6 Major Occurrences that Can Impact Your FinancesBy Ernest Hamilton, UniversityHerald Reporter
As you get older, you'll need to start being careful with your money. Perhaps you've always exercised frugality and financial maturity. Maybe you're more careless with your spending, and these adjustments won't come as easily for you.
In either case, as you move further into adulthood, you should think about diversifying. You should look into an IRA or a 401K if your job offers one. You should learn about mutual funds, stocks and bonds, and investment basics.
However, while planning for your future is great, sometimes things happen that impact your finances significantly. Perhaps you were ready for these events, or maybe one of them blindsides you.
Let's look at six things that can happen in your life that can completely turn your financial situation around.
You might be going along thinking your life is great, but then you sustain an injury. Medical expenses related to your injuries can easily cost hundreds or thousands of dollars. You might have to pay for:
You can sometimes recoup some of the money to pay for these things if you bring a lawsuit against the responsible party. If you can't blame anyone but yourself for what happened, you're stuck shelling out whatever it costs to get you well again.
Perhaps you live for quite a while as an adult, thinking you're never going to marry. Maybe you like being single, and the married life doesn't appeal to you.
Then, you meet someone, and you fall head-over-heels in love. If that happens:
Your feelings on the matter may change
You might agree to marry if your partner pushes for it
Marriage can impact your finances quite a bit. You might see your bank accounts go either up or down. If you're marrying into money, you might be a lot richer once you tie the knot.
If neither your family nor your partner's family has much money, don't expect to be any wealthier once you're married. In fact, you'll probably have less money, especially if you went all out on the wedding, rings, cake, dress, usher's tuxes, etc.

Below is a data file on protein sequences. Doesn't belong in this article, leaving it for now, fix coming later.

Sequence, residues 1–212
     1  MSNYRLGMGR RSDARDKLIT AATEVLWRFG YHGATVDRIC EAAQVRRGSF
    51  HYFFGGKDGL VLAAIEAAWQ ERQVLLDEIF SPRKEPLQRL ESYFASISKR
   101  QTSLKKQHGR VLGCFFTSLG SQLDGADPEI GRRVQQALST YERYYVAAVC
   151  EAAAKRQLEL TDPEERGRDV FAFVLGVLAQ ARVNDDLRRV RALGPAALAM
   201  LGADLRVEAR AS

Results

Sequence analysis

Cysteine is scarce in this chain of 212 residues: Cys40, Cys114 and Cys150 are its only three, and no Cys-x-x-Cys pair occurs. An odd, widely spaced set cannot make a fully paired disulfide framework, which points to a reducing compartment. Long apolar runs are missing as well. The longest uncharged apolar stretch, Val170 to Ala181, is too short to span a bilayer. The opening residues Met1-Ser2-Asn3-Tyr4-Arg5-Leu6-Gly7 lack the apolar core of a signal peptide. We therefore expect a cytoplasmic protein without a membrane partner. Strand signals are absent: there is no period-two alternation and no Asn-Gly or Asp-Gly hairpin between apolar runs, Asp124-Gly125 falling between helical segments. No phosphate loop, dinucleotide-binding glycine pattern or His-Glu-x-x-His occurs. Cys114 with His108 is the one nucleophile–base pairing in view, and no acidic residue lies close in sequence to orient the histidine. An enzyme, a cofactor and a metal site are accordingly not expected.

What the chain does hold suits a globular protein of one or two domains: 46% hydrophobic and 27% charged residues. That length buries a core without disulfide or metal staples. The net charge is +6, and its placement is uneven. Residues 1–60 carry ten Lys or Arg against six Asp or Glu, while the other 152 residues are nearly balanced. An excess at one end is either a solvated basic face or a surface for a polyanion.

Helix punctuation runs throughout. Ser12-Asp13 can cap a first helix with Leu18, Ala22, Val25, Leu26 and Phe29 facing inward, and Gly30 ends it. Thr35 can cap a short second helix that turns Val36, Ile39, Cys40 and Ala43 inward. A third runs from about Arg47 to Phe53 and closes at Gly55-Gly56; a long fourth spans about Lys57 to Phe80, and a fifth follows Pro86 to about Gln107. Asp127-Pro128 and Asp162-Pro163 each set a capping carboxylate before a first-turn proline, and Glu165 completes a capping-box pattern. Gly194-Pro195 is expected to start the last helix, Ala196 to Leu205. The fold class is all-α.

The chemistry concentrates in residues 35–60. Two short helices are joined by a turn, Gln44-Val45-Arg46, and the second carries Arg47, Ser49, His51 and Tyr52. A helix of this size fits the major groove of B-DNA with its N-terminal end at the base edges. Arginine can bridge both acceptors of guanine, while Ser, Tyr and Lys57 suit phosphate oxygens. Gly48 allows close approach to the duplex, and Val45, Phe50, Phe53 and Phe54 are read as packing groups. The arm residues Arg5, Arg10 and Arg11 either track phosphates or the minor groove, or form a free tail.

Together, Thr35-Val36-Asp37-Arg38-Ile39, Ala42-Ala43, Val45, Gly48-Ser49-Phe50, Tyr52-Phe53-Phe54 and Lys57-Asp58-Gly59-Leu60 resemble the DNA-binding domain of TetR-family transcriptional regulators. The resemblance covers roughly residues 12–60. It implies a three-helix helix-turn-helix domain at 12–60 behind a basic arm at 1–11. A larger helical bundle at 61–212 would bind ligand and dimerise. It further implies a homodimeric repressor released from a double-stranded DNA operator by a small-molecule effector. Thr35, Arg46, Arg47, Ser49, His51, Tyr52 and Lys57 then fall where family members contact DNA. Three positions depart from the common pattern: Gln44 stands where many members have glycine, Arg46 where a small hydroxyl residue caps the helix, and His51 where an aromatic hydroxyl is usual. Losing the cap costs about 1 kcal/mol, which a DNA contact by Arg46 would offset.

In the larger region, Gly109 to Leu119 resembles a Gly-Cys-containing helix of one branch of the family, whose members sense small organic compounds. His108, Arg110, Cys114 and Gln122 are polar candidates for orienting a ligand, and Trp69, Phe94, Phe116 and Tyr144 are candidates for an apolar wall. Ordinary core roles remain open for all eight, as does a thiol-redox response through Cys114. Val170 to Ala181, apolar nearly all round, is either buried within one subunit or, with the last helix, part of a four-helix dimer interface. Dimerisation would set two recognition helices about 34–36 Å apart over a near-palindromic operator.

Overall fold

Divorce is a life event that can impact your finances a lot. Perhaps you thought you'd be with your partner forever, but the relationship soured for whatever reason. Maybe it was infidelity, or perhaps the two of you drifted apart as you got older.
Divorce is another situation where you could have either more money when it's over or less. If you're the primary breadwinner, you might have to continue paying your ex alimony for some time afterward. You may have to pay child support.
However, if they made most of the money, they might have to send you some cash every month. This can help you as you're trying to make a fresh start. Remember, though, that if you both signed a prenuptial agreement before you married, neither one of you owes the other one anything if you separate.
Getting a New Job
Your finances can also turn around if you get a new job. Perhaps you had resigned yourself to being in a particular tax bracket. With your education level and skill set, you felt like you reached the pinnacle of your possibilities.
Maybe you happen to find a great job, though. They think so much of you they're willing to pay to send you back to school, or they offer you a managerial position. Perhaps you have a dynamite idea, and you start your own company instead.
If any of those things happen, you may find yourself with more money before too much time passes. You'll doubtless enjoy this new life phase. Maybe you can move from an apartment into a house for the first time, or you can open up a diverse financial portfolio.
You Get Fired or Laid Off
In 2020, millions of Americans must face a grim reality. Covid-19 issues have closed many businesses, such as restaurants, retail establishments, movie theaters, gyms, etc.
Some of them can come back, but many are gone for good. That means mass joblessness. Getting laid off is obviously something that's going to impact your finances, and not for the better.
If your employer lays you off, you'll probably have to look for a new job quickly. At the very least, though, maybe your old boss can give you a glowing recommendation. After all, if they had to close their business, that wasn't your fault.
Maybe your employer fires you instead. If that ever happens, you might not be able to use that particular boss to recommend you. It depends on the reason the company decided to cut you loose.
Sending the Kids to College
Your monetary situation will also take a hit if you send a child to college, or more than one. At least you will know this expense was coming, so you might have some money put away.
Perhaps your child or children can get scholarships that will help them. You might also have to steer them toward a more affordable school if you don't think you can afford a high-end one.
Some college tuitions are more than others, and while you want what's best for your child, you also want to avoid going into massive debt. You might need to have some frank conversations with your kids about this.
While these six occurrences will impact your financial situation, they are hardly the only ones. You might see a windfall if a relative dies. You may have to get a mortgage if you want to buy a house for the first time.
You might pay for elective surgery, buy an expensive pet, or go on a costly vacation. You don't know what life is going to send your way or what you'll decide to pursue.
The thing to do is to be frugal when you can and prepare for the future. That way, when the unexpected does occur, you'll have a nest egg to help you deal with it.